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Thread: Projections?

  1. #21
    Twins News Team All-Star TheLeviathan's Avatar
    Liked 673 Times in 381 Posts
    Quote Originally Posted by USAFChief View Post
    My projection system predicts the combined W-L record of the AL and NL this year will be .500, and my system has been accurate in the aggregate for going on two centuries now. However, I'm having trouble deciding what good the data is to me.
    It tempers predictions. Like, for example, when every fan board thinks they improve by 5-10 games for the next year. We know this won't happen and we can identify the culprits most likely to not fulfill this.

    If the usefulness of projections and analysis is limited by being 100% accurate - someone should let Parker and every other baseball commentator know they're wasting their time. It's a rather unfair bar to hold anything to.

    The funny thing is we hear these kinds of objections when there is pessimism about the favored player/club. But if someone were to post the same projections that say we can expect better from Nolasco, Mauer, and probably Perkins? Well, hell, regression to the mean is awesome then!

  2. #22
    Senior Member All-Star 70charger's Avatar
    Liked 198 Times in 97 Posts
    The best explanation for the inability of projection models to reflect reality in anything but the aggregate comes from an analogy to financial modeling, and the best explanation for the inability of financial modeling comes in Nassim Taleb's work, which I'd recommend even if you aren't interested in finance because of how universally applicable this kind of thinking is. I'm partial to "Fooled by Randomness" because the book blew my hair back when I first read it, but "The Black Swan" is quite good too.

    Basically, one of the core tenets of the arguments made is that, while a bell curve distribution may exist, the "tails," or the events that are statistically so improbable as to be virtually impossible are not only not impossible, but if they are treated as such, the models will not only fail but they will fail catastrophically, with cascading effects everywhere else. They're colloquially called the "fat tails" of the bell curve. We got an object lesson in the fat tails of the bell curve when mortgage backed securities, which were so "safe" as to be considered statistically virtually riskless, blew up and took down the market. Baseball reveals its fat tails again and again (remember the old saying "that's why they play the games"?), and as one poster previously mentioned, I would consider the Twins' 1991 season to be a resident of pretty darn fat part of a fat tail of a bell curve.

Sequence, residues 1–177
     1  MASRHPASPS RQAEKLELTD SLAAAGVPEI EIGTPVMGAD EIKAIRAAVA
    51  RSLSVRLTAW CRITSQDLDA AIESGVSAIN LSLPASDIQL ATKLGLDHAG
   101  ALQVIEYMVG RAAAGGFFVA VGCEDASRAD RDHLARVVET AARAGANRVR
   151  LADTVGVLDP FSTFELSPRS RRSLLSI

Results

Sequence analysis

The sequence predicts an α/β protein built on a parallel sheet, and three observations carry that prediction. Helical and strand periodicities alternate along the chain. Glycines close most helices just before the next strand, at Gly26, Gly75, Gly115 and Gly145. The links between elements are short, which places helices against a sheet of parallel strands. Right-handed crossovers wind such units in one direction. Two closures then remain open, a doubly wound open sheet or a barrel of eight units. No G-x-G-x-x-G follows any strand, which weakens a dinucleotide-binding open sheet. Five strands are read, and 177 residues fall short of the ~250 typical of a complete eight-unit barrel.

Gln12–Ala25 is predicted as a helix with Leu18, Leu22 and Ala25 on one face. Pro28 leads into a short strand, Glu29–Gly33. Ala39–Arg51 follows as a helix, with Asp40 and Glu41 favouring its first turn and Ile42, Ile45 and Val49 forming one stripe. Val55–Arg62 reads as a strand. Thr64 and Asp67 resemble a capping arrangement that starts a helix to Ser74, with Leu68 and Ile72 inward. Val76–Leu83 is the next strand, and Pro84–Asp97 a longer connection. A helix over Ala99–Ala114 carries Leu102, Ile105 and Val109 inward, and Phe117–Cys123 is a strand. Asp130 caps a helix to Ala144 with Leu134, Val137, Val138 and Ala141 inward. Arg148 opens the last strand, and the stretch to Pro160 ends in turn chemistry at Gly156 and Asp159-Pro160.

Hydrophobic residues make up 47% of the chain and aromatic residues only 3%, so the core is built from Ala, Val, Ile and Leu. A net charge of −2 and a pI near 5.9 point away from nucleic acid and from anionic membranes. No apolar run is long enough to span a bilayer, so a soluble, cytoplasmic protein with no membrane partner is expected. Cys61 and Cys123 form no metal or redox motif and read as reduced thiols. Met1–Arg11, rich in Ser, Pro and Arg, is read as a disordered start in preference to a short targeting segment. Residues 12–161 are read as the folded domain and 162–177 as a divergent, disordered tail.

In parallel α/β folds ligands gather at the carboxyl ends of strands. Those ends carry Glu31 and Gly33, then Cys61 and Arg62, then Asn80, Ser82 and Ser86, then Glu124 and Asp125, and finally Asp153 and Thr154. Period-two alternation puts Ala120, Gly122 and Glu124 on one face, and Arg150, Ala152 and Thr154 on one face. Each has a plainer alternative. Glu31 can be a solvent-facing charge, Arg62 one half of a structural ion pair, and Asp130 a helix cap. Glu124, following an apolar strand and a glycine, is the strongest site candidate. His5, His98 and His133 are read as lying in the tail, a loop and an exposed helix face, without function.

TL;DR, the models may be able to accurately tell you what will happen in the aggregate, but there will be outliers each and every year that make you stand back, scratch your head, and ask "what the actual ****?"

  3. These 2 users like 70charger's post and want to buy him/her a steak dinner:

    Hosken Bombo Disco (05-19-2014), USAFChief (05-19-2014)

  4. #23
    Senior Member All-Star
    Liked 338 Times in 214 Posts
    Blog Entries
    Somewhat back on topic:

    Don't know PECOTA, but the author of ZiPS has found that there is less in-season regression than season-to-season. Still small samples this year, but that bodes well for a few Twins (and not so well for a few others). Fun full article here:

    Relevant excerpt (Lesson #8):
    Simply put, there was significantly less regression toward the mean for in-season stats than you would expect from the sample size, relative to season-to-season stats.

    One notable example was BABIP, in that the BABIP overperformance, in the context of in-season projections, tended to stick more than one would expect from the heavier regression from season-to-season. That .400 first-half BABIP may be doomed next year, but players retain a surprisingly large amount of that bounce within the same season.

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